Software developers and flooring retailers agree: using the technology is about having control. This means control over all aspects of the business, from profit to loss reports, sales invoices to ordering product and delivery orders, and everything in between. Ted Underwood, owner of Quality Floorcovering in Clarksville, Tenn., said he saw a dramatic improvement in his business after using software from software developer, QFloors.
Like many retailers, Underwood said he started out using QuickBooks accounting software for all his bookkeeping and accounting. “It works pretty good as an accounting program, but the problem is you can’t incorporate your inventory,” he said. “So basically you never know what your numbers are until later.”
“We never really knew if we were making money or not, because we were looking quarter by quarter, and three months is a long time to wait to see where you are,” Underwood added. “But with this [flooring industry specific] software, we can check our profitability every day. I can check my expenses. I can see what my overhead is.”
And since incorporating the software into his business more than two years ago, he can now quickly spot mistakes and control shrinkage. He acknowledged that while there was a learning curve of a couple months, the software has already paid for itself several times over.
“You can hit a button and it will show you the percentage of profit for a job. We try to stay around the 20 to 25 percent margin, and I’ve caught mistakes where we are under. Using the software I’m able to figure out where the mistakes are,” he said. “The software has been one of my top three essential purchases, along with my carpet cutting machine and my tow motor.”
Terry Wheat, CEO of RFMS, said retailer-specific software is important for several reasons: For one, it offers the consumer a better experience. “When we handle a sale in the traditional way, with a pad of paper and a pencil, she loses confidence. She is not having a good experience. But when you can use software to look up information about the product, use graphical estimating software and show her the layout placement, she is going to have confidence in you and the purchasing process.”
Another important area where software excels, Wheat noted, is controlling costs and inventory. “Now more than ever, every order you have should have checks and balances in place to make sure you’re not forgetting anything. Do you have all the trim pieces? Reducers? End caps? Listellos? Those extra trips to the job and ordering after the job, when you didn’t charge for it on the front end, are a dead loss. Software should prevent that from happening.”
Finally, he added, software is important for project management. “You should know what stage the job is in at any given time and what the next procedure needs to be.”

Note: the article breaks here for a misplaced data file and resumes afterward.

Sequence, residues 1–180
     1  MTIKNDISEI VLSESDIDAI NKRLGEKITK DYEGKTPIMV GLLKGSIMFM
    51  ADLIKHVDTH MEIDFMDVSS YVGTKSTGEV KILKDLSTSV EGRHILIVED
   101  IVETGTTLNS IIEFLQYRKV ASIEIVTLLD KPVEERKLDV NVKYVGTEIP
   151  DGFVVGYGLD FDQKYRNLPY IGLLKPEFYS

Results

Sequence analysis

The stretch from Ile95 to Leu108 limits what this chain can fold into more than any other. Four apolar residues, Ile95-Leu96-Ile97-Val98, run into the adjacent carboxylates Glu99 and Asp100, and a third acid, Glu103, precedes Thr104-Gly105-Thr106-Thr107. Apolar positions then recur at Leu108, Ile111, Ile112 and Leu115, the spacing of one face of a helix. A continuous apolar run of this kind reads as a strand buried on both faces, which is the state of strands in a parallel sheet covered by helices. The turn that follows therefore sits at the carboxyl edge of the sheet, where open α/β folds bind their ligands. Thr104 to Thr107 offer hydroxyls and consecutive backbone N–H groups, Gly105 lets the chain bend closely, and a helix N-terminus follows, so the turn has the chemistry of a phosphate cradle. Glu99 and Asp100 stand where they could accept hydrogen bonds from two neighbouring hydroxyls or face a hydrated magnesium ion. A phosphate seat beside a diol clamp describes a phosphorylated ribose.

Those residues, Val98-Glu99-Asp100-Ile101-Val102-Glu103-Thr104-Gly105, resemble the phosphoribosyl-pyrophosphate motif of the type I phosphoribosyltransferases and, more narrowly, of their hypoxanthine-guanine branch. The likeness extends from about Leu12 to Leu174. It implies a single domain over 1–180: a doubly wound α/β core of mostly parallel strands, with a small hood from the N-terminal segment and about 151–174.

Tim Magnuson, CEO of Kashmoo Business Software, said once retailers are ready to look into software, they search for “solutions that will allow them to automate their business without turning their lives upside down.”
“The key thing is getting everyone on the same page,” he noted. “The warehouse person, the general manager – everybody in the business has a need to know what orders are coming in, what the status of the installation is, and other information.”
He added any retailer looking to purchase new software should set up a visit from the vendor to demonstrate the product. “Many times, the software and all its features can seem overwhelming, and it’s important to buy a product you are comfortable using.”
Catching up with fcB2B
Pam Bowe, executive director of the Floor Covering Business to Business Association (fcB2B), said it is more important than ever for flooring companies to start using technology as a fundamental part of their businesses.
“The importance of streamlining and connecting the floor covering supply chain has never been more critical,” she noted. “In this day of high expectation for instant information, accurate detail and minimal errors, those entities that can enable their business to respond and react will most certainly benefit. Those who lag behind in technology and find their time consumed by errors, repetitive data entry and costly reporting requirements will not.”
The fcB2B has more than 125 members representing mills, distributors, suppliers and software developers. Additionally, the group has several retail buying groups, dealer associations and contractor associations in its membership. The goal of the group is to develop and implement its fcB2B standard to facilitate broader B2B communications in the industry.
“Once a year we meet physically and we meet regularly throughout the year virtually,” Bowe explained. “Members of the association work together in committee to develop and refine the use of the standard. The implementation of technology designed to further the use of fcB2B is a primary goal of the association in 2010.”
For more information, visitwww.fcb2b.org.